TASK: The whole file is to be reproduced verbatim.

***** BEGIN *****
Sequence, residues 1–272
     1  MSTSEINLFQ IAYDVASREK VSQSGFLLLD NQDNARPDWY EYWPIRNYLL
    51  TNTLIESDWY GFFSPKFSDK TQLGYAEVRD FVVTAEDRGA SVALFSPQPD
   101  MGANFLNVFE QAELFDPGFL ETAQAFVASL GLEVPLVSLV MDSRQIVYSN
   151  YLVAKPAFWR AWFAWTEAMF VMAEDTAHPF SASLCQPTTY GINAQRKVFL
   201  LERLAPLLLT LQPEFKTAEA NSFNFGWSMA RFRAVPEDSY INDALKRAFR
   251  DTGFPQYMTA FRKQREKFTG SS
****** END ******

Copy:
Sequence, residues 1–272
     1  MSTSEINLFQ IAYDVASREK VSQSGFLLLD NQDNARPDWY EYWPIRNYLL
    51  TNTLIESDWY GFFSPKFSDK TQLGYAEVRD FVVTAEDRGA SVALFSPQPD
   101  MGANFLNVFE QAELFDPGFL ETAQAFVASL GLEVPLVSLV MDSRQIVYSN
   151  YLVAKPAFWR AWFAWTEAMF VMAEDTAHPF SASLCQPTTY GINAQRKVFL
   201  LERLAPLLLT LQPEFKTAEA NSFNFGWSMA RFRAVPEDSY INDALKRAFR
   251  DTGFPQYMTA FRKQREKFTG SS